I thought about removing the DMF through extraction, which I have done but my students have not. Do you include LiCl in the aqueous rinses? I seem to recall seeing that in one recipe, but I could be mistaken. I was a little worried about how our product would partition in multiple rinses, and given our modest yield after the silica column (I will ask my students to calculate it today, but my guess is 30%), possibly my concerns were not wrong. Just to clarify, we used a more polar solvent in the silica column than we had thought we would, based on the time points.
I only saw one product by TLC; therefore, the low yield cannot easily be explained by forming a side product. We did make sufficient material to test. If I had this synthesis to do over again, I would have tried THF before trying DMF. One of the reasons that I attempted to remove (most of?) the DMF by rotary evaporation after the reaction was to minimize its presence in chromatography. I was worried that it would drive the product through the column too quickly. What, specifically, was the reason you think DMF is bad in chromatography? We used a model of Welch DryFast pump that was advertised as being able to pull a slightly higher vacuum than their base model.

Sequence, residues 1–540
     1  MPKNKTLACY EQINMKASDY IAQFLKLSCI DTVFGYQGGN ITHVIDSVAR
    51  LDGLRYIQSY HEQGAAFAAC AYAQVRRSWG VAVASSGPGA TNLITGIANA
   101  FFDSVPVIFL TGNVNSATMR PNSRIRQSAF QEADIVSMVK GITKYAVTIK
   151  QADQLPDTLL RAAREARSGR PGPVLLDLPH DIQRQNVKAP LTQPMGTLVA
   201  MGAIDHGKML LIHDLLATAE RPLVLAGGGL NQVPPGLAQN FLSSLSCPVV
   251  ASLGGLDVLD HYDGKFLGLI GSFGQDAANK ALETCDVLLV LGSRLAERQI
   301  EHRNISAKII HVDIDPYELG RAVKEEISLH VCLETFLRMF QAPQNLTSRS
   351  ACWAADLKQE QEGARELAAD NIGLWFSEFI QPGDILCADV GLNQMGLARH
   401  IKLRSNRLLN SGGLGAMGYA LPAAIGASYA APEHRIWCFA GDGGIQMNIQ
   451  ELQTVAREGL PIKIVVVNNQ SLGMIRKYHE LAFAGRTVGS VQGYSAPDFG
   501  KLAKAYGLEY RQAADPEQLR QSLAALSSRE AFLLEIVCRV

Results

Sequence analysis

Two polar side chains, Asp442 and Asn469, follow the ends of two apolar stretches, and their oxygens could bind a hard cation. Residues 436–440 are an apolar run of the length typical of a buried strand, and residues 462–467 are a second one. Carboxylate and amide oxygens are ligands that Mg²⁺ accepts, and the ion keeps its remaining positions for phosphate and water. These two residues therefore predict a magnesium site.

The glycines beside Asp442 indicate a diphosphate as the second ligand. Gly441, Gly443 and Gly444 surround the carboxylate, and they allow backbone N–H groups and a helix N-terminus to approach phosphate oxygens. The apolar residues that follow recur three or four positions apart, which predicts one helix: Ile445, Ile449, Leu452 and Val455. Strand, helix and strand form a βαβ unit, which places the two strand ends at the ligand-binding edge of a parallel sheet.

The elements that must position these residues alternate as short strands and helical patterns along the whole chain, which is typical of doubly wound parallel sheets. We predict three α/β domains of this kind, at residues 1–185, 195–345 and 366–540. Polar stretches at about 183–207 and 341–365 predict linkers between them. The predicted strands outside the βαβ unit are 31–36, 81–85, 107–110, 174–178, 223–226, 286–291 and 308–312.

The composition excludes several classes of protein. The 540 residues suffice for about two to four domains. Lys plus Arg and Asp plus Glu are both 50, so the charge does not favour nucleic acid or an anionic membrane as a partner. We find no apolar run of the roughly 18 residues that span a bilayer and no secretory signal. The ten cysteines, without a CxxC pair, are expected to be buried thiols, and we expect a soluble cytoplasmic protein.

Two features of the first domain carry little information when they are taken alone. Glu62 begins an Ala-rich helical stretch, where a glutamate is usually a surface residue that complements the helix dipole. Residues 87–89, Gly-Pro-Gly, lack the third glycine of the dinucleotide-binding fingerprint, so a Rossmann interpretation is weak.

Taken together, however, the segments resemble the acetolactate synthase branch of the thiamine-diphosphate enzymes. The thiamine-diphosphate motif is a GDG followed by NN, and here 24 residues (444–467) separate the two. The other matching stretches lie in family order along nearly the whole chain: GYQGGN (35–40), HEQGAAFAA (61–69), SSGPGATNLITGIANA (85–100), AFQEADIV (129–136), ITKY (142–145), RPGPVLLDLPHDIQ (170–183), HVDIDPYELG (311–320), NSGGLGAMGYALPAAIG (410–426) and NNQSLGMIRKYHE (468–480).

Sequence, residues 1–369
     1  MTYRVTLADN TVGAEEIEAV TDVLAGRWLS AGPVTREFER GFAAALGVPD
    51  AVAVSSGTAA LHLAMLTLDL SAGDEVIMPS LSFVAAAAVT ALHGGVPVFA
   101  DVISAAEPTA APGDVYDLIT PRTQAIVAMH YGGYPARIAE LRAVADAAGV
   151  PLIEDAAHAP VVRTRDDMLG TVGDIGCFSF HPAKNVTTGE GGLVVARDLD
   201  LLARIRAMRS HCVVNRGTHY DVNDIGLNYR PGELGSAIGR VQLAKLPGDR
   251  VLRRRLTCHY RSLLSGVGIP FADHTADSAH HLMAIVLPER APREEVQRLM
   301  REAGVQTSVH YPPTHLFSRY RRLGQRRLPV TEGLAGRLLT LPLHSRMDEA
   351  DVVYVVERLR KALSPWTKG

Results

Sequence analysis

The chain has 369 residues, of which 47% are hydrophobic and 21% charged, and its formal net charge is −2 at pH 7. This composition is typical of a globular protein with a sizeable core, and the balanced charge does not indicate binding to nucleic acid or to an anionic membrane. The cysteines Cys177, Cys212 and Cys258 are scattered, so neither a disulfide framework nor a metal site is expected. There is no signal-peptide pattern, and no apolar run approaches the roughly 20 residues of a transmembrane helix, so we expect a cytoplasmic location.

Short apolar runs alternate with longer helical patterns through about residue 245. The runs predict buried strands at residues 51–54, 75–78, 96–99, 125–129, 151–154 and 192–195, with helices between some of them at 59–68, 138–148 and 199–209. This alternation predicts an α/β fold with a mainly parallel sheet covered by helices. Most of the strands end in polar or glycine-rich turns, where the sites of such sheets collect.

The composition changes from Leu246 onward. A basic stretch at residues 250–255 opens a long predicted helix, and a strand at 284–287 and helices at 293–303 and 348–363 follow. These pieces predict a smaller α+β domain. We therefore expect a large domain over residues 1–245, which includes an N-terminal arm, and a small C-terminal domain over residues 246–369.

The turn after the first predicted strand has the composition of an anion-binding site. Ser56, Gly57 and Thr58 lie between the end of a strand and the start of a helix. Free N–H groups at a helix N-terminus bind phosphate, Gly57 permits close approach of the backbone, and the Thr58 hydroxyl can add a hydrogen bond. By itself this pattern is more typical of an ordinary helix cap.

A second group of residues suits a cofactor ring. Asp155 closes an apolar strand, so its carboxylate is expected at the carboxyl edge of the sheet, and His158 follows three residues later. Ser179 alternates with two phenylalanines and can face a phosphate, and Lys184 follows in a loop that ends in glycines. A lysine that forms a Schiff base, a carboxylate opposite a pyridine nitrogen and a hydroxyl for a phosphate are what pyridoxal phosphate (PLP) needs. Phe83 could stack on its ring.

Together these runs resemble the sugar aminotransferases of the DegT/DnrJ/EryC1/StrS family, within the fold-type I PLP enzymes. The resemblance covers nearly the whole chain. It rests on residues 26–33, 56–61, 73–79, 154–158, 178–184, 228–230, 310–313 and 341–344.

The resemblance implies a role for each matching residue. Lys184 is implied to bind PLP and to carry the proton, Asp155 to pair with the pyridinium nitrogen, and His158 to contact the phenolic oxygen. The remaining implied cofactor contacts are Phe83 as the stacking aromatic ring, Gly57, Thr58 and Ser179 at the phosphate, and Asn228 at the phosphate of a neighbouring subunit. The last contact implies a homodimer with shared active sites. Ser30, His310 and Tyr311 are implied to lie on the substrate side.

My students tend to use a small portion of chloroform reflexively when they dissolve their crude product, and I wonder that it might have a negative effect on chromatography in some situations. The dry load technique is one that we need to put more regularly into our bag of tricks. Any tips on avoiding silica dust flying about in the rotary evaporator?